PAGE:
“Discipline your son, and he will give you rest; he will give delight to your heart.”
This morning I awoke at 12:30AM to the blood-curdling screams of my two-year old daughter. She wanted a new band-aid for her toe. Her screaming fit caused her one-year old brother to wake up as well. We got her back in bed and she continued to cry, and her brother did too. I had only been in bed for and hour and a half and needed to be up in four hours, yet I laid wide awake listening to my youngest two children cry on the other side of the wall. This has happened multiple times in the last few weeks. Parenting is hard.
This morning my youngest daughter came downstairs and into the dining room as I was finishing my breakfast and devotion. “Daddy, can we dye Easter eggs today?” “We dyed Easter eggs Saturday and don’t have any left. We’ll do it again next year.” “Noooooooo! I want to do it today!” “Please don’t start the day like this. Mom and Dad are tired.”
I tell these two stories from the last twelve hours of my life not to arouse your sympathies, but because I know I’m not alone in feeling too tired to be a faithful parent who lovingly teaches and correcting my children for the good of their souls. Persevering in loving, consistent, discipline and teaching is the hardest thing parents have to do. When our children disobey, either pretending like it didn’t happen or losing our temper with our kids feels like the easiest thing to do. We have homes to clean, jobs to work, projects to complete, rest to get, and unfortunately, phones to stare at. This all feel more pressing and important than consistent parenting.
Think about the words from Proverbs 29:17, “Discipline your son, and he will give you rest; he will give delight to your heart.” This verse holds out an important principle in parenting, if we persevere in parenting well we will reap greater benefits than if we take the easy way out of neglect or anger. “Discipline your son, and he will give you rest.” Children who are well-disciplined, as a general rule, cause less stress and heartache in the future. If we do the hard thing, we will avoid much harder things in the future.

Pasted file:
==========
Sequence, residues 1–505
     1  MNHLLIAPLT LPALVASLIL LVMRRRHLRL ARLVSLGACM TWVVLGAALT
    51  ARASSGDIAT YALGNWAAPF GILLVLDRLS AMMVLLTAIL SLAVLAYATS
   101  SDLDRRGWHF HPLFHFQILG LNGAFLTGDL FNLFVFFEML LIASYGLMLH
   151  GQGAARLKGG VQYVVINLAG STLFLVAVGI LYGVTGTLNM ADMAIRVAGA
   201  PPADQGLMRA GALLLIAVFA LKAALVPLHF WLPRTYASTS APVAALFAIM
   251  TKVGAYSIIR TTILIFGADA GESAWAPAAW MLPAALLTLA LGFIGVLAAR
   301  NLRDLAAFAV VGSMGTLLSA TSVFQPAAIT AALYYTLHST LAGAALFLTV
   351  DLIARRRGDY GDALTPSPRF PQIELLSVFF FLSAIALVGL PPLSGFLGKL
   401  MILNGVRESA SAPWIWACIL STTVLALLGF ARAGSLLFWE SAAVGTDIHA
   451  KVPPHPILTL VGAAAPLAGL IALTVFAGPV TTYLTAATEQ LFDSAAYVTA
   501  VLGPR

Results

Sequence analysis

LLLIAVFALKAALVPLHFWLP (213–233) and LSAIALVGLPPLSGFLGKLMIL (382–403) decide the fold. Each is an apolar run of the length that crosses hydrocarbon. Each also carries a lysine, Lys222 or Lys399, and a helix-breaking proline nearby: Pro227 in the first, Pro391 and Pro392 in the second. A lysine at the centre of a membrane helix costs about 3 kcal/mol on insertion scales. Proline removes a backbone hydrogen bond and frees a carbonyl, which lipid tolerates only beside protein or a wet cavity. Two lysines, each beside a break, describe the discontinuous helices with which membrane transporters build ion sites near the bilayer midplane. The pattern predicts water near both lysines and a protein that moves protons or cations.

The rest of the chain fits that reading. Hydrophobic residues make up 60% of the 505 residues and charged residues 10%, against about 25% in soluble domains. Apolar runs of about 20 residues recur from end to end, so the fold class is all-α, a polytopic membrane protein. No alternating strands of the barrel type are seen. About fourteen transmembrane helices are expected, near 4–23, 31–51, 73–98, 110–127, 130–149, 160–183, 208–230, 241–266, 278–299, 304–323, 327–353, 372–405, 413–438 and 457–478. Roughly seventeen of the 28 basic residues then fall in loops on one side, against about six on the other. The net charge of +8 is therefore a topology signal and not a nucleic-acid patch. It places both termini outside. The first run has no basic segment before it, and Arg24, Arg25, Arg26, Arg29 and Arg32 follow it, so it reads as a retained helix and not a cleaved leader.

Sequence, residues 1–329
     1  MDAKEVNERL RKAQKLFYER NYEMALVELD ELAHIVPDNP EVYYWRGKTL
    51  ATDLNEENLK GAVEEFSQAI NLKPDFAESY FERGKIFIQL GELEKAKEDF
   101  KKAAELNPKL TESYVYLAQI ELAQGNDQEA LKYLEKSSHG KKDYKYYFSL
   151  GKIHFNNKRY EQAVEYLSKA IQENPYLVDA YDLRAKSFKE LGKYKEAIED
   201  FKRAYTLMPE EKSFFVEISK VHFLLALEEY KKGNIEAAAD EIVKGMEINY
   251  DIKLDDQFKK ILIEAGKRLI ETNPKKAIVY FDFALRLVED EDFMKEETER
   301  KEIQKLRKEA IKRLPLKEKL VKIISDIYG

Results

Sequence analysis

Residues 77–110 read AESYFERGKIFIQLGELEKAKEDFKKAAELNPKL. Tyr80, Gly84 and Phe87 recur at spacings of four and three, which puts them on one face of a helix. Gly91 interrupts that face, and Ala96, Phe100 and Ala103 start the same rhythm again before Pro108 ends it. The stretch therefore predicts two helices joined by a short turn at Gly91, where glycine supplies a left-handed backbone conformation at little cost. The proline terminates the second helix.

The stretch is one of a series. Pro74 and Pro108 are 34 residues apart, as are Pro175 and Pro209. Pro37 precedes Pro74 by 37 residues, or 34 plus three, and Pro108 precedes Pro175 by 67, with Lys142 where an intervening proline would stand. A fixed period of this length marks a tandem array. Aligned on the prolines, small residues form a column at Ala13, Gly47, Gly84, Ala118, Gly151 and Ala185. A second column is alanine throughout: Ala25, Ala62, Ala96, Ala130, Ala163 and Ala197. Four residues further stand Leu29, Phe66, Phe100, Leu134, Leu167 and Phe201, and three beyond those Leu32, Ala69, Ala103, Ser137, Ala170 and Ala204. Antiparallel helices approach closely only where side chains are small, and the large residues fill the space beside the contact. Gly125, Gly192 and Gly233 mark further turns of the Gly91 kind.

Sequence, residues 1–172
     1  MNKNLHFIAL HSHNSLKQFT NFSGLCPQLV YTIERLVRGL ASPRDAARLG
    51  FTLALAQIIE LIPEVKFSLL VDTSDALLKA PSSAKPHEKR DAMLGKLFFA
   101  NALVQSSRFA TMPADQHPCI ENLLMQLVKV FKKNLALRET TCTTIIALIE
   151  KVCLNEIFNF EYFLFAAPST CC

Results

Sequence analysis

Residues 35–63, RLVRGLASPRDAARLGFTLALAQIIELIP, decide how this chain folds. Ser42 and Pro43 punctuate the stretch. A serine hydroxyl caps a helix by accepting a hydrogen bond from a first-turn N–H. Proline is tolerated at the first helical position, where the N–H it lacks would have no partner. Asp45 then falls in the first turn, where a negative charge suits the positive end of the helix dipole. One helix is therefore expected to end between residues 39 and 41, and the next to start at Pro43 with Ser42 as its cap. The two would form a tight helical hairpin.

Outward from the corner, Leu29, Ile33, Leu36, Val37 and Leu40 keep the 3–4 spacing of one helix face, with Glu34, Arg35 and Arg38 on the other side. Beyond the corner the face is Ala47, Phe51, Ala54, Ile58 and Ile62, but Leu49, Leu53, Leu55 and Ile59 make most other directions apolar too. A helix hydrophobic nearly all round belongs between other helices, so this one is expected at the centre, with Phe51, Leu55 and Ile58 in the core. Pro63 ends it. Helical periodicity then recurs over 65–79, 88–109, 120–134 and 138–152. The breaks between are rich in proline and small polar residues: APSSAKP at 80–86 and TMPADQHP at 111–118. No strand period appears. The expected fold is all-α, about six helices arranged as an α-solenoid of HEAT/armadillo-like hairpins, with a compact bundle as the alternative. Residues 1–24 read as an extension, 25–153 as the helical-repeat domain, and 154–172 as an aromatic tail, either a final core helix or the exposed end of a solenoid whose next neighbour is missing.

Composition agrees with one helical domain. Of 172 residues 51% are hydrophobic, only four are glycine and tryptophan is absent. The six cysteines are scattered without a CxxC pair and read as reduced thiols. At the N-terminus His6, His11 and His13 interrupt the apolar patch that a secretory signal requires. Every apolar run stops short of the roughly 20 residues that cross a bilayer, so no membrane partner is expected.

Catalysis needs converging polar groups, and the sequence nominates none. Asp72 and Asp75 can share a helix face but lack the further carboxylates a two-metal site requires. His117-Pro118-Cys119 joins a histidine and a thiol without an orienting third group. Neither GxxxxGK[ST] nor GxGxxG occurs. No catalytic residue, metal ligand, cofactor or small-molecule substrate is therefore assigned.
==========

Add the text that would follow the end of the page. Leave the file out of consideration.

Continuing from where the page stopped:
“He will give delight to your heart.” Your initial thought may be, “don’t children always give delight to their parent’s hearts.” No, no children do not always give delight to the hearts of their parents. Sometimes our children disobey in incredibly embarrassing situations, cry in the middle of the night when we want to sleep, and display defiant attitudes when we just need them to cooperate. We get frustrated with, angry at, and weary from our children sometimes. Solomon holds out some hope here for us though. When we persevere in faithful parenting, we have a greater opportunity to enjoy our children for the blessings they truly are.
Persevere in LovingUnderstanding that your child is your neighbor transforms your parenting. “Love your neighbor as yourself.” We say we love our children, but often speak to them harshly, become impatient with them, and wave off things they want to say with an astonishing callousness. We need to repent of these things and love our children as we love ourselves. We must treat them with respect and kindness, looking out for their greatest good. Our children need to know of our love for them, as it provides an incredible security for them and opens their heart to hearing what we tell them.
Persevere in Recreating
The best way to grow in loving your children is to spend time with them when there is no agenda. This happens when you turn off your phone, shut off the TV, and go for a walk, play a game, or go outside together. These are the times that your children will always remember and your heart will cherish.
I cannot emphasize the getting rid of distractions aspect of this enough. When you are halfway home with your kids and halfway in your phone or laptop, you are not fully doing anything. End your day before you come home and then be home when you are home. It will lead to a lot less frustration for you and your children.
Persevere in Teaching
Parents, you bear the primary responsibility for teaching your children life’s most important truths. You need to have a plan for teaching your children about God, sin, Jesus, the Holy Spirit, grace, ethics, and how to treat other people. This means we should have regular times where we are reading the Bible with our children. We also teach according to the pattern of Deuteronomy 6 and use every opportunity life presents to positively convey important truths to our kids. Never, ever stop teaching. It lies at the heart of our role as parents.
Persevere in Correcting
When our children disobey or mistreat other people, they must be corrected so their hearts and behavior change. We correct, not in outbursts of anger, but with kindness, patience, and firmness. In this, it must be emphasized that we correct our children for disobeying the first time they do it. We count to avoid a confrontation or overlook it because we don’t feel like dealing with it. This cannot be, as we have a divine mandate to correct our children for the good of their own souls. We must give clear instructions to our children and there must be clear and reasonable consequences for their disobedience.
Persevering in our parenting can be difficult, which is why we cannot do it alone. We need the Holy Spirit to empower us so we parent well for God’s glory. Read your Bible, pray for help, and walk in fellowship with other believers who can encourage and challenge you. The Lord has called us to do this, so he will supply the strength we need, and in the end it will be worth it.